I received this warm and fuzzzy e-mail about gay marriage coming to DC. I'm happy about the outcome. My problem is that the "aw shucks" POV is unlikely to convince anyone who is not already inclined to agree with the position.
What I believe will be more compelling is for people to watch the broadcast and/or read the transcript of Bill Moyers Journal for February 26, 2010. The legal adversaries in 2000's Bush v. Gore Supreme Court case — Theodore Olson and David Boies, "one conservative and one liberal — have teamed up to make the constitutional case for same-sex marriage." And the point that is made repeatedly is that their support is based on the rule of law.
The two lawyers are mounting "a well-financed legal challenge to Proposition 8, California's 2008 ballot initiative that put an end to same-sex marriage in that state. The case could make it as far as the Supreme Court and define the debate on same-sex marriage for years to come."
"The case they've brought, Perry et al v. Schwarzenegger et al, has created a major stir, with some advocates of same-sex marriage worried that they are bringing the case too soon, that a loss at the Supreme Court could set back the movement for same-sex marriage by years. Olson argues that waiting for civil rights is not an option:
In the first place, someone was going to challenge Proposition 8 in California. Some lawyer, representing two people, was going to bring this challenge. We felt that if a challenge was going to be brought, it should be brought with a well-financed, capable effort, by people who knew what they were doing in the courts. Secondly, when people said, 'Maybe you should be waiting. Maybe you should wait until there's more popular support.' Our answer to that was, 'Well, when is that going to happen? How long do you want people to wait? How long do you want people to be deprived of their Constitutional rights in California?'
Earlier, to this basic point:
TED OLSON:... People told Martin Luther King, "Don't do it. The people aren't ready." And Martin Luther King responded, "I can't wait. I'm not going to make people wait." And when people told Martin Luther King, "You may lose." He said, "The battles for civil rights are won ultimately by people fighting for civil rights."
And one more thing. When the Supreme Court had made the decision in Loving versus Virginia in 1967, striking down the laws of 17 states that prohibited interracial marriage, now it's only what? 40 years later? 40 years later we think that's inconceivable that Virginia or some other state could prohibit interracial marriage. It's inconceivable. Public sometimes follows the opinions of the Supreme Court, reads the opinion and says, "My gosh, thank goodness for the Supreme Court. We realize how wrong that was."
(I've written about Loving vs. Virginia, which I too find analogous to the gay marriage issue.)
Perhaps it is my liberal bias, but I found the statements of the conservative Olson the most compelling:
TED OLSON: We're not advocating any recognition of a new right. The right to marry is in the Constitution. The Supreme Court's recognized that over and over again. We're talking about whether two individuals who will be -- should be treated equally, under the equal protection clause of the Constitution. The same thing that the Supreme Court did in 1967, which recognized the Constitutional rights of people of different races to marry.
At that point, in 1967, 17 states prohibited persons from a different race of marrying one another. The Supreme Court, at that point, unanimously didn't create a new right, the right was the right to marry; the Supreme Court said the discrimination on the basis of race in that instance was unconstitutional.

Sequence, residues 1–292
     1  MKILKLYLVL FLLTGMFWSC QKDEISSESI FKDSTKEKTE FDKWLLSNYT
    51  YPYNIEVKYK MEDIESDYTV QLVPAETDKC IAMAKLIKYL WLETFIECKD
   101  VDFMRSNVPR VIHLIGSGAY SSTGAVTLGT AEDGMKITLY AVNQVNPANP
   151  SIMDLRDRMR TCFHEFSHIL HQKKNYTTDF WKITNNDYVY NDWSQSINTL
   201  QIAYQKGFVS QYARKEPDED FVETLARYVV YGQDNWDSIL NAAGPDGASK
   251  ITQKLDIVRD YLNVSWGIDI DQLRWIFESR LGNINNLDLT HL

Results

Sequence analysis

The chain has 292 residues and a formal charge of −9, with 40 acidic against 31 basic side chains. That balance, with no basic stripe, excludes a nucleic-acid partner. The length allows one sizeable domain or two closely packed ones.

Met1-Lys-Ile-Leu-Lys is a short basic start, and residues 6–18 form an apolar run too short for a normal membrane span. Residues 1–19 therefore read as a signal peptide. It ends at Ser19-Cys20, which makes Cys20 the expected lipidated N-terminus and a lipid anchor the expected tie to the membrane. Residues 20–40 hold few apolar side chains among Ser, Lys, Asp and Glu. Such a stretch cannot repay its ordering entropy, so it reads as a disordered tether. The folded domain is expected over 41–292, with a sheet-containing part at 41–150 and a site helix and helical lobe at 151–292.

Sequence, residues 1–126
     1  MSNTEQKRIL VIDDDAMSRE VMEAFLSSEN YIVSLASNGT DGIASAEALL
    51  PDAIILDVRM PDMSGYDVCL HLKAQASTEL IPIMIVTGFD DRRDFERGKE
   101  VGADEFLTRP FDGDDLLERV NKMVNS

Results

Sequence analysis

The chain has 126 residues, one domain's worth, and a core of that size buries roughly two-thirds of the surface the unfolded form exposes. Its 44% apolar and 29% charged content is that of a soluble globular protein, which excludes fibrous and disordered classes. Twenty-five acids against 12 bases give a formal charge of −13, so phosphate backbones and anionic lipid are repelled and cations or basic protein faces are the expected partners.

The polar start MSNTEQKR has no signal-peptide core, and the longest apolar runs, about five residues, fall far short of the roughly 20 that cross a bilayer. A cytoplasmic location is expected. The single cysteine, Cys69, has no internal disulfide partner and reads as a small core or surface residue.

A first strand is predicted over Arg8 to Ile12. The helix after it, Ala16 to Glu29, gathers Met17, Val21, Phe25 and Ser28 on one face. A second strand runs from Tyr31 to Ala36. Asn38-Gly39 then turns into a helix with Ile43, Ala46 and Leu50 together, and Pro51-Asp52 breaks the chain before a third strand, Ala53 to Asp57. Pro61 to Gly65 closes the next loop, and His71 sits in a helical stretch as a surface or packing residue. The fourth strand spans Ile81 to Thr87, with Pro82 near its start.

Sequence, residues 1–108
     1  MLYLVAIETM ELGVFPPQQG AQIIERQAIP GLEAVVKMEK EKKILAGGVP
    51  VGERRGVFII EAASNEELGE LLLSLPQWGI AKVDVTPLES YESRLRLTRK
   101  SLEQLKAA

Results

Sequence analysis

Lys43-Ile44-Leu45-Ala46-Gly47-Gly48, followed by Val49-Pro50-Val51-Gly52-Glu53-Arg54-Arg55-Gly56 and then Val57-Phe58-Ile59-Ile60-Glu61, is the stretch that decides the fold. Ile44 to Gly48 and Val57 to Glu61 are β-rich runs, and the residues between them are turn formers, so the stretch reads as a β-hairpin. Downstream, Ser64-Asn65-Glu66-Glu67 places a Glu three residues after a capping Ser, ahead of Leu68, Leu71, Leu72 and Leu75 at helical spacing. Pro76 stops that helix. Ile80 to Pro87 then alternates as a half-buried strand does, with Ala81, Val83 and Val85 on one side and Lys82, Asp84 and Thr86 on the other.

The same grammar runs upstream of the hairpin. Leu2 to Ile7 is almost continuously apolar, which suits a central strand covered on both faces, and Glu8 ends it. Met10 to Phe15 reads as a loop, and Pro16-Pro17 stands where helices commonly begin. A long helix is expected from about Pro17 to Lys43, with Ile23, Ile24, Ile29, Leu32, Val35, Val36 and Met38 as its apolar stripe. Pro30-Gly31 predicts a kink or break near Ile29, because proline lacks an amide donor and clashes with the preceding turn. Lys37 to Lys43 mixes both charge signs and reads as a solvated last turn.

Or this exchange:
BILL MOYERS: So, you're both comfortable invalidating seven million votes in California [who voted for Prop 8]?
TED OLSON: Well, this happens when the voters decide to violate someone's constitutional rights. David mentioned that we have a Constitution and we have an independent judiciary for the very protection of minorities. Majorities don't need protection from the courts.
I was particularly fond of this:
BILL MOYERS: But you're going up not only against the voters of California, the majority, but you're going up against the Congress of the United States. In the 1990s, Congress passed the Defense of Marriage Act, which actually defined marriage as quote, "a legal union between one man and one woman." And even declared that states need not recognize the marriages, the same sex marriages of another state. The President signed this. President Bill Clinton signed this. And you want to overturn not only the voters of California, but the Congress and the President of the United States.
TED OLSON:...it often happens that the measures that are passed almost unanimously in Congress, because Congress gets carried away, are overturned by the Supreme Court. And you go back to Members of Congress and you say, "What happened there?" And they'll say, "Well, we knew it was unconstitutional. We expected the courts to take care of that. We wanted to get reelected. The courts are the ones that come back and help us."
One of the fascinating aspects of the trial, which began in January, is that one could not watch the proceedings, unless one were in the federal courthouse in San Francisco. "(T)wo filmmakers in Los Angeles came up with an ingenious alternative. Using the trial transcripts and other reporting, plus a cast of professional actors, they turned the case into a TV courtroom drama. Every day of the proceedings has been reenacted on their website, Marriagetrial.com.
So watch/read this piece. You may be convinced, despite your conservative leanings, theological objections, or other issues that, as a matter of long-standing American law and jurisprudence, marriage is a fundamental right, and therefore must include gay marriage as well.
Mick Fleetwood is turning 70
1 day ago